Public Health Tips from the 14th century

An occasional series.

“Others … affirmed that drinking beer, enjoying oneself, and going around singing and ruckus-raising and satisfying all one's appetites whenever possible and laughing at the whole bloody thing was the best medicine; and these people put into practice what they heartily advised to others: day and night, going from tavern to tavern, drinking without moderation or measure, and many times going from house to house drinking up a storm and only listening to and talking about pleasing things. These parties were easy to find because everyone behaved as if they were going to die soon, so they cared nothing about themselves nor their belongings; as a result, most houses became common property, and any stranger passing by could enter and use the house as if he were its master. But for all their bestial living, these people always ran away from the sick. With so much affliction and misery, all reverence for the laws, both of God and of man, fell apart and dissolved, because the ministers and executors of the laws were either dead or ill like everyone else, or were left with so few officials that they were unable to do their duties; as a result, everyone was free to do whatever they pleased. ”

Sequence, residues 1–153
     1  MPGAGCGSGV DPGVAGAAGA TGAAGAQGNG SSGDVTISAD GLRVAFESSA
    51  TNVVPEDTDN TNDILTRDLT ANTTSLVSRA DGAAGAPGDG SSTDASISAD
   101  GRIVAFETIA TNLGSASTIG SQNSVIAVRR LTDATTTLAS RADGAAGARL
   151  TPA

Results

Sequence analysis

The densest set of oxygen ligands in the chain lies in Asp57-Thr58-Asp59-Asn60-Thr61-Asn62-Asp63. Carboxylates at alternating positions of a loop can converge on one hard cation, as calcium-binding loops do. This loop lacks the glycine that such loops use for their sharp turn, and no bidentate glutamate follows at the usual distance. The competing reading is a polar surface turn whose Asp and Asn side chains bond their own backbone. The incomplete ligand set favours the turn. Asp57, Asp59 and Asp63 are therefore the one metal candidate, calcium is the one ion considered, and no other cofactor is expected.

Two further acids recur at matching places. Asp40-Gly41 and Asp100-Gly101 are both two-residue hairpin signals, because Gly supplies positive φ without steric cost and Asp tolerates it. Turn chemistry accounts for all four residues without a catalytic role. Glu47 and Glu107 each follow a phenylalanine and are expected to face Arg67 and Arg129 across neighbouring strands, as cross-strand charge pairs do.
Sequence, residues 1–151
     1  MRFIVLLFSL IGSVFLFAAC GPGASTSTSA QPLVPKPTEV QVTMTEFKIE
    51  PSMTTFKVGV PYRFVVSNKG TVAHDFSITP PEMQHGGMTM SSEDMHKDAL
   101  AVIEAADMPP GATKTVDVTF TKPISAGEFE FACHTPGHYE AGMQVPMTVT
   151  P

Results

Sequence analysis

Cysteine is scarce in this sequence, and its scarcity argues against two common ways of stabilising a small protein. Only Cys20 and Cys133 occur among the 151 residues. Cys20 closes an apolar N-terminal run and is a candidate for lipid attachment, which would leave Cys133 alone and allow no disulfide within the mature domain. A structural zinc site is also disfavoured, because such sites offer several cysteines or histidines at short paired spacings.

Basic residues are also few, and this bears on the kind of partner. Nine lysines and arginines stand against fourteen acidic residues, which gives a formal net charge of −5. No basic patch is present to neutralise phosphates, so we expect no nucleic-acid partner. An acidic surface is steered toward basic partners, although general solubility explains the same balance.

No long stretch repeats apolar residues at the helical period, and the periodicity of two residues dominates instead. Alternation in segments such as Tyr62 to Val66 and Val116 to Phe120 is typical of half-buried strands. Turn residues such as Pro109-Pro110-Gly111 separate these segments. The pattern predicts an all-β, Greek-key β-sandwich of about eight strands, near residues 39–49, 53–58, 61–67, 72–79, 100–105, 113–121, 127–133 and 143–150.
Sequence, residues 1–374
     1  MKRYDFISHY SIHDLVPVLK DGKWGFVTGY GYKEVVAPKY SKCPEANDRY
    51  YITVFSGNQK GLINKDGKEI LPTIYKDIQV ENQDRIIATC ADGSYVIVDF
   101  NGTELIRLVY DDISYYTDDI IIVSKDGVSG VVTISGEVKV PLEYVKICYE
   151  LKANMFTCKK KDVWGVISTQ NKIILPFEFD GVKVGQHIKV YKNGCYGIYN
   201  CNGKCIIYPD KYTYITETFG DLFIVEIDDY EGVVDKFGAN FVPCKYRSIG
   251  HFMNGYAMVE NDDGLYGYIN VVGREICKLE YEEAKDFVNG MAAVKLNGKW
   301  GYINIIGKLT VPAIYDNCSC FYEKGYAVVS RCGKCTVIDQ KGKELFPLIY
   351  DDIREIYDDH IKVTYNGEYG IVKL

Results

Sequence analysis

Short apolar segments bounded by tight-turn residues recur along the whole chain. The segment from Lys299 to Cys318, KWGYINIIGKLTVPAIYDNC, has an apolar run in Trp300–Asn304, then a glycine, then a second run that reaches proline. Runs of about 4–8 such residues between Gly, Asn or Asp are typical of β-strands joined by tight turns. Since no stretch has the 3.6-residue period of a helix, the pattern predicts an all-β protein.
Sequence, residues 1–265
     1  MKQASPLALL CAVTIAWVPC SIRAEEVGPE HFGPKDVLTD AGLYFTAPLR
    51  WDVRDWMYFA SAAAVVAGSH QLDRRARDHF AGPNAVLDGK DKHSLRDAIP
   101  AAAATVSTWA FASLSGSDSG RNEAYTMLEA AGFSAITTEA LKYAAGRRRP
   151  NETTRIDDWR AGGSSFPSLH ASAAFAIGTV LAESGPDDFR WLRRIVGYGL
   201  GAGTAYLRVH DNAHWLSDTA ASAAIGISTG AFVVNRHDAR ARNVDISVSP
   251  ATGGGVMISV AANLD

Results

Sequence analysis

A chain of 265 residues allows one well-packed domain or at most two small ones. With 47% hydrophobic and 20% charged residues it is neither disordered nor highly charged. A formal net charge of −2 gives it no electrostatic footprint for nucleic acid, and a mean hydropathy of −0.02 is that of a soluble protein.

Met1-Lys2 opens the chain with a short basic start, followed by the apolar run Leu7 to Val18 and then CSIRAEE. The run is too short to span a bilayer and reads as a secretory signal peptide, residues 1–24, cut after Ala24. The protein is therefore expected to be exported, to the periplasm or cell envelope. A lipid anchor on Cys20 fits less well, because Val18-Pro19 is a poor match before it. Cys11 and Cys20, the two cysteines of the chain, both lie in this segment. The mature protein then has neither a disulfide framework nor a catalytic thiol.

—Giovanni Bocaccio, The Decameron (introduction)